Opportunities and Trainings

If you're interested in writing for Mongabay, they're holding a virtual conversation for writers to learn from editors on the elements of freelance pitches that get their attention, on June 5 (Register here). 

Splice is accepting applications for their second round of Lights On micro-grants. Small- to mid-sized news orgs financially affected by Covid-19 are eligible to apply (No deadline but apply ASAP).

The Information is holding a News Summer School, eight hour-long evening classes starting in July, free to anyone. They are meant to replace some internships or other training cancelled due to Covid-19. Apply here.

The Asian Digital Media Awards are accepting applications from publishers who have delivered unique and original digital media projects in the last 12 months (Deadline July 30).

The Newmark School of Journalism is launching a new, 100-day, fully- online certificate program in entrepreneurial journalism in January 2021. Details here (No deadline yet).

And a useful new resource from MIT for keeping up with science remotely: a one-stop portal for online talks around the world on science-based topics. There are over 1000 listed already.

If you’d like to highlight a funding opportunity, or an even you’re hosting, let me know by responding to this email.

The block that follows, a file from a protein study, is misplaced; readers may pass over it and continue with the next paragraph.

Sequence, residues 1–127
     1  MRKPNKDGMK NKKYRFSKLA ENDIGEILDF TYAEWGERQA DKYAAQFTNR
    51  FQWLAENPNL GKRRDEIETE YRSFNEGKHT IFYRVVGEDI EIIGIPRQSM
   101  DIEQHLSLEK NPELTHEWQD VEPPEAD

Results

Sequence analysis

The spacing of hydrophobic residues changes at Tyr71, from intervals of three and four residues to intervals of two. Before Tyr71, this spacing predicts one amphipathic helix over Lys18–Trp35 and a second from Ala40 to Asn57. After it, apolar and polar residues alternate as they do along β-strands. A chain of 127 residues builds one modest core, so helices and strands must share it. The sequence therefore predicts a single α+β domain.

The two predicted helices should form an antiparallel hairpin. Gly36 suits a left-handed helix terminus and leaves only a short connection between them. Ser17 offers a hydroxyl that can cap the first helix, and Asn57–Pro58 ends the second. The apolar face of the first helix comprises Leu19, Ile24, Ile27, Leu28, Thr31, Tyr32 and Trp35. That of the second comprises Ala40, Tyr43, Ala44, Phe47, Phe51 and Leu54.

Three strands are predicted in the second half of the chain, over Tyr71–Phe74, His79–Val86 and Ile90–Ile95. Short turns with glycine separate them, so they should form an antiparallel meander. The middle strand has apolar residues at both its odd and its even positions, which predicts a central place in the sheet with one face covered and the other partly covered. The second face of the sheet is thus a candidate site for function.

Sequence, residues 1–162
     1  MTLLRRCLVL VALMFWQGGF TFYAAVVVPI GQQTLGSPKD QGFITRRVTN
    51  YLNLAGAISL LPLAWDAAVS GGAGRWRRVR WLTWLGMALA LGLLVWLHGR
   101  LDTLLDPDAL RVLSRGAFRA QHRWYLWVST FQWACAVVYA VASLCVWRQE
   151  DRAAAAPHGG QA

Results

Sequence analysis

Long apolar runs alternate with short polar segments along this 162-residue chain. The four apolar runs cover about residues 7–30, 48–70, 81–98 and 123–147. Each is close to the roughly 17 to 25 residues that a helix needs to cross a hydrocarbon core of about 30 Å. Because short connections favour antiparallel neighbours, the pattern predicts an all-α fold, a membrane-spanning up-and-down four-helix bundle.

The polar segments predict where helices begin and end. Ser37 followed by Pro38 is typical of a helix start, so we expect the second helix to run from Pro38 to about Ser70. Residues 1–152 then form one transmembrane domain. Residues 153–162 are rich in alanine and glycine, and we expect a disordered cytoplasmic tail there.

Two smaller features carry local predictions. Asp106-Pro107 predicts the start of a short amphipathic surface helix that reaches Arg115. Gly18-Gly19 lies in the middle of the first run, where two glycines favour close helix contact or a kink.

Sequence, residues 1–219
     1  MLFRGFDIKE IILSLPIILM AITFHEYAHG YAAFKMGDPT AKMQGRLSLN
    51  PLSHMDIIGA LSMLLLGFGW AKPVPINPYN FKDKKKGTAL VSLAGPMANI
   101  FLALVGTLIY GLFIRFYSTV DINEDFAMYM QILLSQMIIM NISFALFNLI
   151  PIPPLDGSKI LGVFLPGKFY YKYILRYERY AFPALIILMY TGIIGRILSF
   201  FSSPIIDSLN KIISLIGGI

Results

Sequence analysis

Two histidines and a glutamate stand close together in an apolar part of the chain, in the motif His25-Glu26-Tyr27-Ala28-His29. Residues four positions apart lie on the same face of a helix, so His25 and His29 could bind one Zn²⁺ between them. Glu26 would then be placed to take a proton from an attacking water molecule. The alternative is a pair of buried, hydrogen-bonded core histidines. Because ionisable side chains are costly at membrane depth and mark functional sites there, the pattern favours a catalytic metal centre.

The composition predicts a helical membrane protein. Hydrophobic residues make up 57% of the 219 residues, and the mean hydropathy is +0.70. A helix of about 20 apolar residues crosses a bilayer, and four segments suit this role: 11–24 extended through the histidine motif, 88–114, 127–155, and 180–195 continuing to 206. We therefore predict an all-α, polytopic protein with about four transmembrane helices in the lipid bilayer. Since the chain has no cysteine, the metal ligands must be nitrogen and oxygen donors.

Data and other resources

As lockdowns ease, more and more journalists are going back into the field. To help them stay safe in a Covid-19 world, NPR has released a useful field guide on determining if a field assignment is necessary, what to bring, and how to stay safe and healthy.

A great new resource for those of you reporting from the Greater Mekong Region —The Stimson Center has officially launched the Mekong Infrastructure Tracker Dashboard. It's interactive and brings in a diverse range of data on energy, transportation, and water infrastructure in the Mekong countries.

The Global Initiative on Transnational Crime has put out another issue focused on environmental crime during Covid-19, looking at trends around wildlife trafficking, illegal logging, and more. They have some interesting findings on how the global drop in demand for high-value trafficking products like rhino horns or ivory is impacting poaching.

For anyone investigating wildlife crime, EcoEvoRxiv shared a resource on how to use the internet to monitor and quantify the wildlife trade. 

Is there a new data source you’d like us to highlight? Let me know by responding to this email.

Stay safe and healthy,

Nithin Coca


The Environmental Reporting Collective is a group of reporters and editors across Asia and elsewhere, working together to rethink how environmental journalism is done. We support collaborative journalism projects that start new conversations on how our societies impact our planet. Such stories are complex and expensive. That’s why they require new approaches to research, reporting, editing and distribution.

To learn more about our work, check out our website, Investigative.Earth, and follow us on Twitter and Facebook. You can also let us know what you would like to see in this newsletter by responding to this email.

Share Green Echoes